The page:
In the garden I pulled the first two small radishes and got the newly set out broccoli and cabbage plants mulched with leaves. Yesterday the flat of marigolds was starting to pop and today the zinnias followed suit.

And yesterday I transplanted peas! That's the first time I ever did that but to reclaim that bed where the 'Sabre" peas didn't cooperate, I transplanted the 23 little pea plants that did dare germinate. They got set along both sides of a trellis set up across one end of a different bed. Their root systems aren't real fibrous and didn't want to hold the generous soil ball I dug for them so I had to be real careful. They looked happy today. We'll see.

After days of 80's last week, Mother Nature decided to remind us we haven't turned the temperature corner for good and she sent some light frost and 34 degrees this morning. Just to be on the safe side I put a very light row cover over the newly set out stuff.

And this afternoon the back area got it's first mowing of the year. Riding the mower into the wind was nice but going downwind meant riding through clouds of pollen stirred up by the mower. An exercise in holding one's breath.

Today's lunch was mostly from the garden. It was a frittata made with spinach, scallions, a few asparagus spears, parsley, oregano (all from the garden), eggs from a friend's chickens and some store bought mushrooms and parmesan. Good stuff! And that's why I garden. The fruits of the labor. :)

5thGear 03-22-2016 05:53 PM

Great idea on the trellis-thanks

LindaLou 03-22-2016 08:13 PM


Originally Posted by Weedinhoe (Post 9172385)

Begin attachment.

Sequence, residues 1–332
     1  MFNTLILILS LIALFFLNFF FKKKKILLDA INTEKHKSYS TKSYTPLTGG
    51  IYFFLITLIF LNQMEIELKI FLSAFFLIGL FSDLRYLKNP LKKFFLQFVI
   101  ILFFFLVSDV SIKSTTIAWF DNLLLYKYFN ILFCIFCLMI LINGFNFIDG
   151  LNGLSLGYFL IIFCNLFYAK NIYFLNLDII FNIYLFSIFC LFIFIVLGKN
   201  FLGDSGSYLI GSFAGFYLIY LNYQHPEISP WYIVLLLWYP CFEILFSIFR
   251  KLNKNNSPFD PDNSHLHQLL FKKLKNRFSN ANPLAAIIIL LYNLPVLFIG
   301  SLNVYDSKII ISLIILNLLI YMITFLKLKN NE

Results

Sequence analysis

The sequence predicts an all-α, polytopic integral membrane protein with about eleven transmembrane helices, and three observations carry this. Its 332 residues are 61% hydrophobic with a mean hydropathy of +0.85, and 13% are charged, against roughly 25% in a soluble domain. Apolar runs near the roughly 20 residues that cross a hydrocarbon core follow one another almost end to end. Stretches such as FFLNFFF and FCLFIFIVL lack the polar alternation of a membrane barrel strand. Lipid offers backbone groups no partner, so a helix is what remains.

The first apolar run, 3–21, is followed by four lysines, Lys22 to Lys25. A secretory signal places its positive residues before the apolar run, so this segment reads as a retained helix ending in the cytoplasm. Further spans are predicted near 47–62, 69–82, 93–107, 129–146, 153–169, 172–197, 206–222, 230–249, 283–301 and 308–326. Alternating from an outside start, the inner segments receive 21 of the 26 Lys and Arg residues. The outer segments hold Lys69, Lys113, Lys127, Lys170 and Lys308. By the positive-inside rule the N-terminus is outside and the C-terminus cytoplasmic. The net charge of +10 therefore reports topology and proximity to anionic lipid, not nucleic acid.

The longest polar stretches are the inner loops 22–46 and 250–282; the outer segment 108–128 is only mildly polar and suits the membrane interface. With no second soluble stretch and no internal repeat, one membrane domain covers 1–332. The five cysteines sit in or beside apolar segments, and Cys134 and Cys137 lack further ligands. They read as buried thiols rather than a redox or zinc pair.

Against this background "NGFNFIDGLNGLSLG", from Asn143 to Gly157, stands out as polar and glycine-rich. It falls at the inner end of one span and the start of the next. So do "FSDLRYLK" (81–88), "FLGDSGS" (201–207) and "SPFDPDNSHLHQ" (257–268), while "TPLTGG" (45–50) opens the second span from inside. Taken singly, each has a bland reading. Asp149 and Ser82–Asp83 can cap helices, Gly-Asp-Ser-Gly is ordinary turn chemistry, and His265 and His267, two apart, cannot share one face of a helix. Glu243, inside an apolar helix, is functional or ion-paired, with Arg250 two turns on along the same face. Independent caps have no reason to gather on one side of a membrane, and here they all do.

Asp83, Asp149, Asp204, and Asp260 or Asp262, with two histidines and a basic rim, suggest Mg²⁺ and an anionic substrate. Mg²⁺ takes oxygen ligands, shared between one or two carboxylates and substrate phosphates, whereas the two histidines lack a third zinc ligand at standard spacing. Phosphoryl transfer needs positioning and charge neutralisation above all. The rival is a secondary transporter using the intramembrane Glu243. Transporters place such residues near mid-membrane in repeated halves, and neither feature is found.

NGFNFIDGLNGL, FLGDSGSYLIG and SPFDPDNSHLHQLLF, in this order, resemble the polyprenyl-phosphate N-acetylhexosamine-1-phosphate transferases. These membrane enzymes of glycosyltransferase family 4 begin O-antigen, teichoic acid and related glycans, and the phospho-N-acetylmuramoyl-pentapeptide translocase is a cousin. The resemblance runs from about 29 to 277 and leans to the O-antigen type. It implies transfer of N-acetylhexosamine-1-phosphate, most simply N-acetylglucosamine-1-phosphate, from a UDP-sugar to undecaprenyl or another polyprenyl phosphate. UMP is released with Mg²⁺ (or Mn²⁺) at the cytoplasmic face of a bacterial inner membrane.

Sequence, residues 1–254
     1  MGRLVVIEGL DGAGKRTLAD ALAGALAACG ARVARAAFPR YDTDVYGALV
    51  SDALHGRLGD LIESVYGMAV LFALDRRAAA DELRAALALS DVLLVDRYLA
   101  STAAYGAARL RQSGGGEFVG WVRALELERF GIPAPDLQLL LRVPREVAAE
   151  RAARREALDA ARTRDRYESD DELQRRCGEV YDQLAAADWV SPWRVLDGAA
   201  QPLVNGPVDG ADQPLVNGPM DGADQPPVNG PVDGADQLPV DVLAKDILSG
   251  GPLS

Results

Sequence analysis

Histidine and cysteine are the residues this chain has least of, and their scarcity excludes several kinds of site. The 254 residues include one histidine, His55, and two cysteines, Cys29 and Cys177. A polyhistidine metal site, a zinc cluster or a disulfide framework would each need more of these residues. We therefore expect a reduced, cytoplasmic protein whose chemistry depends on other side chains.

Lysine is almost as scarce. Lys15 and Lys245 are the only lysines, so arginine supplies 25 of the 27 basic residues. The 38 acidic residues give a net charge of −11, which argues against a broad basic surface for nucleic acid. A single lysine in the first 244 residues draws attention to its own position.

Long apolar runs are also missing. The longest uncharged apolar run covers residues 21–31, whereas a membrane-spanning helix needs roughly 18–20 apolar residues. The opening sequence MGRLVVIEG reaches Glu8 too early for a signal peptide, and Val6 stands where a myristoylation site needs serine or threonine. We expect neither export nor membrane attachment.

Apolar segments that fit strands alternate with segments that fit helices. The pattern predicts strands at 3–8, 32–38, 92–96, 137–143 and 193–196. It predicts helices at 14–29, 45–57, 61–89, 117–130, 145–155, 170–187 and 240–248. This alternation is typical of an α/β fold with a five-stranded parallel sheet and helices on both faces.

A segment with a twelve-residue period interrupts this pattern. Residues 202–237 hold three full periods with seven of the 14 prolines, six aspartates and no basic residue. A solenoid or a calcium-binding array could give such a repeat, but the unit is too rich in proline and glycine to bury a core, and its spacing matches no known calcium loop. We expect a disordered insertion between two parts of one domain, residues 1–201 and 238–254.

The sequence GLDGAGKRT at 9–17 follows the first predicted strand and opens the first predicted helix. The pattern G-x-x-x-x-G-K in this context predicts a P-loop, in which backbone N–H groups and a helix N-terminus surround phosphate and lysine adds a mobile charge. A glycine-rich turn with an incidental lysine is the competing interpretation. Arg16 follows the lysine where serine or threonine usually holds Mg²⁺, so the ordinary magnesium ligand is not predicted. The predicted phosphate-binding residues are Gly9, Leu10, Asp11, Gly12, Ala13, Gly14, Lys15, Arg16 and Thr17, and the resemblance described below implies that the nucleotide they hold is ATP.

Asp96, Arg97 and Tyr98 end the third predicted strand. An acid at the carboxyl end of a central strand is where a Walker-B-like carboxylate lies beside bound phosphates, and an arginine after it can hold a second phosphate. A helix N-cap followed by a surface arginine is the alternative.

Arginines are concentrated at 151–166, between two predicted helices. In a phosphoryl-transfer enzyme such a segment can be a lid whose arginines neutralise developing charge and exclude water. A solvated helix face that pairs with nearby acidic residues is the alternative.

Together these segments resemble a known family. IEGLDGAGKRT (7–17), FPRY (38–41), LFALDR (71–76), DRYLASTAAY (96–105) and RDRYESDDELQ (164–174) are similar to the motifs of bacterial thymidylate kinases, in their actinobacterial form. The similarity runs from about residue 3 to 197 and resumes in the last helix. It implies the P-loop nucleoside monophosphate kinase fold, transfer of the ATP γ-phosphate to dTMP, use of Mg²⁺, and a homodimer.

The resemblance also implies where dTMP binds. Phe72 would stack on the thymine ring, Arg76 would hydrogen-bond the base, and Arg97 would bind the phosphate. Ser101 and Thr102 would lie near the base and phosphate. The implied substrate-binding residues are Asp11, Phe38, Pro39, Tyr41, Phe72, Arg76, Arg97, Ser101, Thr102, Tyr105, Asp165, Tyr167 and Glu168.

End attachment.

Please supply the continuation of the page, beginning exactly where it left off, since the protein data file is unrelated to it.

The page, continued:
Good stuff! And that's why I garden. The fruits of the labor. :)


Ain't it grand;)

Weedinhoe 03-23-2016 05:18 PM

Yesterday in the Farming forum I posted about the Hamburg Rooted Parsley I'm growing:

"This is one of my garden toys this spring. It's an old pre-1600's vegetable whose roots were grown like parsnips and whose tops can be used as regular parsley. Dual purpose; that's why I'm growing it and also because it's odd."

One bit of information I found online said to freeze the seed 3-5 days and then soak in warm water for 8 hours before sowing to help germination. Other sources didn't mention that at all. So I'm experimenting by starting twelve plants in cell packs for later transplant and also direct sowing some in the garden.

Half of the cell pack plants and half of the direct seeding were done using seed that was freeze treated and soaked. The other half of the cell pack plants and direct seeding was done with dry seed right out of the pack. That way I can see which of the four groups does best. These are along the edges of the bed that is now open due to the pea failure.

I also played with using a technique I read about sowing amaranth. Instead of sowing in a furrow and then later thinning to 8" spacing, I poked 1/4 to 1/2" dents in the row 8" apart and put three to four seeds in each little hole, to be thinned later.

It was also carrot sowing day. Nine feet each of 'Bolero', 'Dragon' (a freebie), 'Ingot' and 'Kuroda Long' along the edges of the bed that will eventually have peppers and eggplant down the middle. Of the four varieties I've only done 'Bolero' before.

I think that about wraps up all the early seed starting or setting out; beets, broccoli, cabbages, carrots, collards, eggplant, garlic, ground cherry, onions, parsley, green peas, peppers, quinoa, radishes, spinach, tomatoes, marigolds and zinnias. Now it's a waiting game until the end of April when Mr. Frosty leaves for good and the soil warms up enough for the beans, cukes, corn, squash, okra etc and the transplanting of tomatoes, peppers, etc.

LindaLou 03-23-2016 06:32 PM

Lots of wonderful stuff here.

Do you have your canning jars ready? ;)

I'll be sure to check for your post on Hamburg Parsley. Sounds intriguing.